Surprisingly - or maybe not so surprisingly - the global fuel crisis and introduction of stringent emissions regulation, did little in the way to buoy the popularity of electric cars. Quite the opposite in fact. Even with the sanctions and exorbitant fuel prices, liquid black gold and internal combustion won out again. The Government continued to subsidise the petro-chemical industry and public interest in electric cars and battery technology waned once more.
But whilst the automotive industry floundered, research into battery technology surged and before long a huge breakthrough was achieved.
Electric cars still faced big limitations that prevented mass-market uptake - the largest of which was battery technology. There just weren’t any batteries available that had a large enough capacity, were stable enough and could be recharged, severely limiting the viability of a commercial electric vehicle.
However, in 1973, the chemist M. Stanley Whittingham and a team of colleagues made the most important technological breakthrough in relation to electric vehicles - the rechargeable lithium battery.
Whilst working for Exxon - one of the globe’s largest oil and gas corporations - Whittingham experimented with using titanium disulfide and lithium metal as the electrodes for a battery. Initial tests were successful; the battery had a modest capacity but could also be recharged. Unfortunately, they were extremely unstable. Often prone to sudden combustion and short-circuiting, Exxon halted the project.
John Goodenough further researched the technology. In 1979/1980, Goodenough discovered a cobalt oxide cathode that allowed voltage to pass through at a higher rate and was more stable than Whittingham’s earlier prototypes. But it still wasn’t to be. Cobalt wasn’t a financially viable material to implement on a commercial scale, reducing its practical application.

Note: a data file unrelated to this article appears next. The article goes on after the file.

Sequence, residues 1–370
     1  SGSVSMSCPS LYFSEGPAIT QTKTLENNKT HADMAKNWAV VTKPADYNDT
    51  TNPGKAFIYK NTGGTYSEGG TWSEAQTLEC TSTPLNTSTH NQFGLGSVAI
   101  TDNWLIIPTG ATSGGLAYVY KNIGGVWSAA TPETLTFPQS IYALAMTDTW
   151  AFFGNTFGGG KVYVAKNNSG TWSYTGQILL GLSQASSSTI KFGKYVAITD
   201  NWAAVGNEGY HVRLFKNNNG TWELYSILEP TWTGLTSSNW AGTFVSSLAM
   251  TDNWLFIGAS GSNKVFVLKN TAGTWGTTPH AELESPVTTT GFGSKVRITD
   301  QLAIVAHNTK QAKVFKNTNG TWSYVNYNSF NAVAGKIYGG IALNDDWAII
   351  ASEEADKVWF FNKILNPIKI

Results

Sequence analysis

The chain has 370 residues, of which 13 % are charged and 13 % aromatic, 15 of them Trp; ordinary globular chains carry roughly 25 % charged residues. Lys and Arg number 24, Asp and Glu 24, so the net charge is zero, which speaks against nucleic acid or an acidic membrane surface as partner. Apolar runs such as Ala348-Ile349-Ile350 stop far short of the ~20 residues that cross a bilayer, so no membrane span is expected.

The battery-baton was finally handed off to Akira Yoshino. To increase stability and reduce cost, he changed the battery’s anode to petroleum coke. This proved to be the final discovery needed and Yoshino went into the history books as the creator of the world’s first lithium-ion battery. Using Yoshino’s design, Sony released the first commercial lithium-ion battery in 1991 - revolutionising personal technology and transport for decades to come.
With fully rechargeable lithium-ion batteries available for commercial usage, the auto-industry began to heavily invest in all-electric transportation.
The GM EV1 was the first ‘proper’ all-electric car from a major industry stalwart and was intended to revolutionise the OEM’s automotive line-up. Considering the limited technology of 1996, it actually housed some rather impressive features.